Solomon Juneau Monument

© Photographed October 26, 2014 and March 26, 2015
Erected 1887 by Charles T. Bradley and William H. Metcalk
Milwaukee, Milwaukee County, Wisconsin
43° 2.564′ N, 87° 53.896′ W

Solomon Juneau,
First White Settler of Milwaukee,

Solomon Juneau,
First Mayor of Milwaukee,

The gift of
Charles T. Bradley,
William H. Metcalf
to the
City of Milwaukee
The monument is located at Juneau Park along the Oak Leaf Trail, Milwaukee, Wisconsin 53202.

NOTE: The monument is accessible from northbound North Prospect Avenue / Wisconsin Route 32, just north of where it merges with East Kilbourn Avenue. There is plenty of parking on North Prospect Avenue; none next to the marker, but just a short walk from it.

(includes several interesting photographs)

The Library of Congress: Internet Archive:
Solomon Juneau, a Biography, by Isabella Fox (1916)

 Looking west into downtown Milwaukee.

The following content is in the public domain.
The following excepts are taken from Solomon Juneau, a Biography,
by Isabella Fox (1916) (pp. 23-50), available online at:
Thirty-one years after Solomon Juneau's death, a noble tribute was paid to his memory by two pioneer business men of the city which he had founded in the wilderness -- Messrs. Bradley and Metcalf, who commissioned and paid for the Juneau Monument, which they presented to the city of Milwaukee. The official account of the ceremonies connected with its unveiling, written by General Charles King, who acted as presiding officer, is here reproduced, as follows:
July 6th, 1887.
The site chosen for the statue is probably the finest in the city. Standing upon the bluff, a hundred feet above the lake, it is visible far from land, and is so placed that viewed from almost any direction its bold outlines are projected against the sky, while from the pedestal there is an unbroken view of Juneau Park from its extreme limit to the depot at its southern end, and as extensive a vista of shore and terrace to the north.

The monument stands on a solid foundation of stone sunk into the earth several feet below the frost line, and fitted to last for ages. The pedestal, classic in its order of architecture, is of red granite from the state of Maine. It is twelve feet square at the base, and eighteen feet, six inches in height.

Upon the face of the second die and about eight feet from the ground, in bold, raised and polished letters, is the name SOLOMON JUNEAU.

Upon the two remaining faces of the same die are two bronze bas-reliefs, representing episodes in the life of Juneau.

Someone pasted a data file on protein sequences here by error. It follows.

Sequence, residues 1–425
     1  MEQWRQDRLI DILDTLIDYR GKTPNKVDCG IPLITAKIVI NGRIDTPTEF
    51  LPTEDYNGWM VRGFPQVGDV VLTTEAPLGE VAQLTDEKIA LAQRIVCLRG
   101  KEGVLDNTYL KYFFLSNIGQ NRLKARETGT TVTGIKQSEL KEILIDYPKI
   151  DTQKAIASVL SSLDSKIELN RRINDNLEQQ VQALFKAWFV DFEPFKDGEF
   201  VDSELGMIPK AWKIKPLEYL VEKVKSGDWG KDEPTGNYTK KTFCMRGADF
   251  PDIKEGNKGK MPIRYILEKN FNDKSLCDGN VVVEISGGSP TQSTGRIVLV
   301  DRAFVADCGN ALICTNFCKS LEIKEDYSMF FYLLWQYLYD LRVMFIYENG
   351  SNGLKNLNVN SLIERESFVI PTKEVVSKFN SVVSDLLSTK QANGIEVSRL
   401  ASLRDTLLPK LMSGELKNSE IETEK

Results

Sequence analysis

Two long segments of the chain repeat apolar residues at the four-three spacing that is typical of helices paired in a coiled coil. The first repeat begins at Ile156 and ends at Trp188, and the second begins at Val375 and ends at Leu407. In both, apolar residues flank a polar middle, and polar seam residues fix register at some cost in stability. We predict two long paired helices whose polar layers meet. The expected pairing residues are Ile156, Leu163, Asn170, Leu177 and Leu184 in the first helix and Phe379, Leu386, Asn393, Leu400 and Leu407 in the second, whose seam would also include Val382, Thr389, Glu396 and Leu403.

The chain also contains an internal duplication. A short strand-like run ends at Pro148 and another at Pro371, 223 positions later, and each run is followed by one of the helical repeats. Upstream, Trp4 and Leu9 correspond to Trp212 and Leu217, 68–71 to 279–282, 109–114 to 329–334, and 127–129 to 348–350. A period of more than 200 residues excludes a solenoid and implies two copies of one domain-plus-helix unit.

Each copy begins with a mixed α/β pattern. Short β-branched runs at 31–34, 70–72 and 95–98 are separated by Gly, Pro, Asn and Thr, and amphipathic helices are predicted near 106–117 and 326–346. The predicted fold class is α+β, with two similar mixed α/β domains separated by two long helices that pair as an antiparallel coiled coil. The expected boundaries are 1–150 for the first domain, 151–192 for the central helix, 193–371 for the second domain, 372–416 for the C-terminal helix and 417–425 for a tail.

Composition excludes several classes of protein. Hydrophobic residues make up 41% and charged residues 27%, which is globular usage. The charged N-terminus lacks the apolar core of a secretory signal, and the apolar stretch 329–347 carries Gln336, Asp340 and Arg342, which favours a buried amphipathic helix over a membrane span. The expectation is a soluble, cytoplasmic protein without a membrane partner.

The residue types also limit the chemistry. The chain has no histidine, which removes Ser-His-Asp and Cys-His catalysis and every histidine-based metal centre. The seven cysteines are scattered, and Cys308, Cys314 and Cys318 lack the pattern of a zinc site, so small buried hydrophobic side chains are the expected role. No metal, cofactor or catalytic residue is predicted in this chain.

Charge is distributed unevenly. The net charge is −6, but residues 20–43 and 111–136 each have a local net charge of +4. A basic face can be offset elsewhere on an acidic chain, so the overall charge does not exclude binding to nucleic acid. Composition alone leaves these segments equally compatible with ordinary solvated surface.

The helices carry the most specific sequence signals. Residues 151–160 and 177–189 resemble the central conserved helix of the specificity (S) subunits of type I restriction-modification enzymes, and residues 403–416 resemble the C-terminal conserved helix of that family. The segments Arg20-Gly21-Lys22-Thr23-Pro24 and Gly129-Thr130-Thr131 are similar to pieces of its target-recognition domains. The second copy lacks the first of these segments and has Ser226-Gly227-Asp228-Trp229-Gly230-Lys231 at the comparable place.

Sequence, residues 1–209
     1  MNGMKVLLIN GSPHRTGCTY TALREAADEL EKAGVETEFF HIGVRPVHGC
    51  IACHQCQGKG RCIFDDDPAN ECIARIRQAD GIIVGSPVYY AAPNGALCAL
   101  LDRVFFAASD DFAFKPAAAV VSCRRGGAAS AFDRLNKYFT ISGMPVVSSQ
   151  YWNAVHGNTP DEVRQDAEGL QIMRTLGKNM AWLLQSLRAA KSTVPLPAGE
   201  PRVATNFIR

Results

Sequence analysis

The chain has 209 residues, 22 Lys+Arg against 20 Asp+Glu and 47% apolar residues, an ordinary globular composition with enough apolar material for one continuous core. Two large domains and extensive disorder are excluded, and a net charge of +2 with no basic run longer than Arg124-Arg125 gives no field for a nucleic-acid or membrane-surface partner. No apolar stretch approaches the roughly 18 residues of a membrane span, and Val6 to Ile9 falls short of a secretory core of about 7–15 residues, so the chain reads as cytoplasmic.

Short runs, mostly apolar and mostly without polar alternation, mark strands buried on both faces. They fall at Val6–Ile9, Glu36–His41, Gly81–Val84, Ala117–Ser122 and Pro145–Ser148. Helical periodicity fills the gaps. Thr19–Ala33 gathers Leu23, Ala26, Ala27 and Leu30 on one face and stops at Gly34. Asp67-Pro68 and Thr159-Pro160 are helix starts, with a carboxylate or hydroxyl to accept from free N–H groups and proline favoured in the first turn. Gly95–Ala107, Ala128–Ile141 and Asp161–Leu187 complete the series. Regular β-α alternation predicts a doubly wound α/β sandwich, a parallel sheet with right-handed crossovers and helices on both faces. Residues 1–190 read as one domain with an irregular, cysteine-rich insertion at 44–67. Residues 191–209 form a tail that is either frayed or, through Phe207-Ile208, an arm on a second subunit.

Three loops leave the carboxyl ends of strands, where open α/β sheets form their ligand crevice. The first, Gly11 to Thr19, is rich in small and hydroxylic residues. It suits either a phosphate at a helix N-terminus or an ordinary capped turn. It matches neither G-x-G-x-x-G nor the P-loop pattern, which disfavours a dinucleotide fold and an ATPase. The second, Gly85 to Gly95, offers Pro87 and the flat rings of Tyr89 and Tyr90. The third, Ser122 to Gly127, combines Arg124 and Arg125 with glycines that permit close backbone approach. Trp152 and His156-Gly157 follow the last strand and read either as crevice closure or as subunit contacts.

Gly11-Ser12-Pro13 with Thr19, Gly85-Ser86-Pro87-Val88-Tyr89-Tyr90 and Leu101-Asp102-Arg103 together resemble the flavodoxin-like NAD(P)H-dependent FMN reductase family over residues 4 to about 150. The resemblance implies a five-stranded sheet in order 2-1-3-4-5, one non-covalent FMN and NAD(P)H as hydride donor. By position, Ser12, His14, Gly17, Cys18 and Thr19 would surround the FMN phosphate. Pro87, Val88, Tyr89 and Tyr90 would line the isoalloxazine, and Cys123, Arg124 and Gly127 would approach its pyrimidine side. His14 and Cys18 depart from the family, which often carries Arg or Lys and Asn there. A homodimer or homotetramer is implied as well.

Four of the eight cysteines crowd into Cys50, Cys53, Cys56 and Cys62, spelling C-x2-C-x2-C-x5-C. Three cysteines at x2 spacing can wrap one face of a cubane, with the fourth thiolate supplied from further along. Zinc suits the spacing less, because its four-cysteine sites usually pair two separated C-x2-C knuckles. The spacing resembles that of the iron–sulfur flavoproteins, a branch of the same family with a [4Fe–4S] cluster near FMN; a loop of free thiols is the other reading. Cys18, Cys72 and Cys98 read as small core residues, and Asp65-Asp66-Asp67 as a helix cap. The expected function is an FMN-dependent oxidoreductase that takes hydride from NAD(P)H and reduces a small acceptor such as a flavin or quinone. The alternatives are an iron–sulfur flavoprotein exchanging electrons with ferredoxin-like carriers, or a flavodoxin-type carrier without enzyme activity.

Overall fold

The one upon the south side is an illustration of the inauguration of Juneau as mayor of the young city in 1846. Surrounded by prominent citizens, among whom there is seated at least one of the donors of the statue, the honored official is receiving an address of congratulation.
The one upon the north side shows him standing upon the bank of the Milwaukee River. A group of Indians of both sexes surround him, some offering peltries, others engaged in the varied occupations of an Indian camp.
The statue itself is of heroic size -- thirteen feet six inches in height, and is most pleasing in effect. The features are calm, dignified and full of the benignity which was so marked a characteristic of the man. The figure is muscular and athletic, clad in the French Canadian costume that has been pronounced historically correct in every particular. The entire work is from the designs of Richard H. Park, of Florence, Italy, where, in the Royal Foundry and under his supervision, the bronzes were cast.

The pedestal, hewn from the quarries of Maine, was erected by and after the designs of the New England Monument Company, of New York City.
 Solomon Juneau.
At the age of 60.
(From an Oil Painting)

Solomon Laurent Juneau was a man of rare personality. Of commanding figure, in height he was six feet four inches, he had brown curly hair, clear cut features, and large grey eyes. While of a jovial temperament, he never for a moment lost his natural dignity; of a kind and benevolent nature, he was the friend and confidant of all. The Indians looked upon him as a father, and whatever advice their beloved "Solomon" gave them, was accepted and followed in every detail. His word was sacred, and once given, nothing could make him change his promise either in public or private life.
Log House and Warehouse of Solomon Juneau,
East Water and Wisconsin Streets

 Juneau Home.
Corner of Milwaukee and Division Street.
(From a Painting by Mrs. F. E. Pond, Cincinnati, Ohio.)

The foregoing three screenshots are from content in the public domain.
The foregoing screenshots are taken from Solomon Juneau, a Biography,
by Isabella Fox (1916), available online at:
Photo of Solomon Juneau statue in Milwaukee, circa 1890.
This statue was the gift of shoe manufacturers Charles T. Bradley and William H. Metcalf. Juneau's granddaughter Hattie White unveiled the statue on July 6, 1887. Artist Richard Henry Park created the sculpture.
 This media file is in the public domain in the United States.
 Click here for more information.

 Looking south along Oak Leaf Trial towards the statue.

© Photographed September 13, 2015
View from Veterans Park (the statue is visible in the center of the photo).

The statue is located at Juneau Park.

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